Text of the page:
(Note: Rip and Read would like to suggest that you play the accompanying You-Tube video while reading this post.)
My relationship with the Zombie Film is changing. I have to admit, I've never been a big fan...until recently. First, there was Shaun of the Dead, which is just a really funny, clever film. Then, the Johnathan Coulton song: RE: YOUR BRAINS- which I hope you are listening too right now as you read this...and last year, I watched the Vincent Price film Last Man on Earth for the first time.
I watched Last Man because I was bored, and it was free on-line, and I was very surprised when I found that images and voices from this film kept coming back to me, haunting me (if you'll pardon the pun). This was not because the plot, which has become pretty damn standard these days- deadly disease creates flesh eating (or blood drinking) monsters- people trapped inside fighting for their lives, etc. Nor was it due to the special effects- which are 1950s low budget awful.
Rather, it had to do with the way the story was told, and, in particular, the melancholy performance of the great Vincent Price in the title role. Price made his lonely, besieged character live, and, through his acting, drew me deep inside of the story.
Now, I've found another new wrinkle on this old story...Nation Undead. The difference this time, however, is that the story is being told by many different artists around the country. And anyone is free to submit a short film to the project. Depending on what part of the country you live in, you are invited to tell a specific chapter of the tale...all submissions are posted on the Nation Undead website, and, at the end of the project, the best submissions will be wrapped together in to the final nine part film...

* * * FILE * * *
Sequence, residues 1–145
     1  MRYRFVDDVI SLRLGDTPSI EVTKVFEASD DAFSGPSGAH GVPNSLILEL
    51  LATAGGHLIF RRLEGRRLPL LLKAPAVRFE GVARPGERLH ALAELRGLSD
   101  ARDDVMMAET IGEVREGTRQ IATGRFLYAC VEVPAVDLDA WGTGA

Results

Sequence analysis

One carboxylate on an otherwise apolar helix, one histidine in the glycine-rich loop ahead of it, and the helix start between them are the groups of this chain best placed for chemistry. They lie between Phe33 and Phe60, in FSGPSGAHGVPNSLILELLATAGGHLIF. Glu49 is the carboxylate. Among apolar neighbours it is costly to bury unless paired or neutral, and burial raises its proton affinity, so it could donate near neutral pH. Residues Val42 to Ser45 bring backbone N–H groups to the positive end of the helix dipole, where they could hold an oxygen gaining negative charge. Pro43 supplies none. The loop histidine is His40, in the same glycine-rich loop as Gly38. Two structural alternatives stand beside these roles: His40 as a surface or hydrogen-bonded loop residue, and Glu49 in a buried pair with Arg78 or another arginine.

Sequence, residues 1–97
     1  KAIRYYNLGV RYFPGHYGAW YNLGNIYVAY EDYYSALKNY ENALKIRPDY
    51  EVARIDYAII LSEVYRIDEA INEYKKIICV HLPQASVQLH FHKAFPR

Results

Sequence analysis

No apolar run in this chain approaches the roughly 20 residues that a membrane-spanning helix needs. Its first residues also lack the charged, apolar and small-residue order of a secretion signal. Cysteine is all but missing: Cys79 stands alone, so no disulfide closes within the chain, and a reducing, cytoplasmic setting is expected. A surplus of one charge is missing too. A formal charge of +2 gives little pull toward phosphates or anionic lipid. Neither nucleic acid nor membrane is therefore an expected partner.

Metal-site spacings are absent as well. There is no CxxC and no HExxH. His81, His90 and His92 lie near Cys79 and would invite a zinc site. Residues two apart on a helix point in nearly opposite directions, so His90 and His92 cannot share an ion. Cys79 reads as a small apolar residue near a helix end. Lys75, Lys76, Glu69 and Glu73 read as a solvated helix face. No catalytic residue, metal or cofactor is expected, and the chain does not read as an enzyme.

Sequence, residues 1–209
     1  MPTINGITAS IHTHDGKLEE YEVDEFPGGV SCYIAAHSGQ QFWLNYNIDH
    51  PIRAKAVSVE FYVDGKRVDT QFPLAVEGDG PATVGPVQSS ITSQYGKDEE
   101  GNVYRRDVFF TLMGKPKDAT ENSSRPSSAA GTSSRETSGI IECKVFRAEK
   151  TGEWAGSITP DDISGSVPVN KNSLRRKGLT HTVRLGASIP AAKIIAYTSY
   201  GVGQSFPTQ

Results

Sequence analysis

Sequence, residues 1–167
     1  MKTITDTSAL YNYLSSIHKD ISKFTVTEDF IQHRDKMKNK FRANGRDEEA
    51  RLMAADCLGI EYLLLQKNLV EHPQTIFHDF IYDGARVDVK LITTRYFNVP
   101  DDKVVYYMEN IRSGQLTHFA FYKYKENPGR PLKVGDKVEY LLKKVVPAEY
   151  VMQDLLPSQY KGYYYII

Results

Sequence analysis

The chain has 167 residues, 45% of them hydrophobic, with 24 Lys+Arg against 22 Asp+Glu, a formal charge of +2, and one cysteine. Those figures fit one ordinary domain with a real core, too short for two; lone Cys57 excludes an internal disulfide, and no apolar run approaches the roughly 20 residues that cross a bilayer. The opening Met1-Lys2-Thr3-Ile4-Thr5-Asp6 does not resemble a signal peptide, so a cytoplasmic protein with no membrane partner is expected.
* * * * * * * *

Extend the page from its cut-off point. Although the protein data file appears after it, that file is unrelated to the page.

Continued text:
It's a neat concept...but what's even more fun is watching how different filmmakers handle the story assignments. In each of the two short films I watched ("Sticks" and "Warren, Ohio") I was wrapped up, not in the horror of zombies...but more in the horror of watching people face a reality that is unfaceable... in one episode, a couple of twenty-something drifters deal with reality of a world in which everything stable has become unstuck...in the other, a man desperately tries to get medicine to cure his wife...these are Zombie stories, and yet, they could just as easily be stories about kids dealing with a world of economic upheaval or health care which is beyond reach. The situation is highly fictional, but the characters are very real, and thus fascinating.
I first heard about this project earlier this week from a friend of a friend who was involved. When I wrote back to him about how much I enjoyed viewing these films, and explained that is was the reality of the characters that had me glued to the screen.
He wrote back: "[that's] I am most interested in with the genre...the psychology of the event. The true horror is in survival."
Social Media as film-making....it's really, really neat concept, and I hope you'll Run, not Walk, to Nation Undead - pop some popcorn and enjoy watching a great movie unfold before your very eyes!
If readers are interested in learning more, I suggest a visit to New Hampshire Public Radio, which did a story on this. The link is here.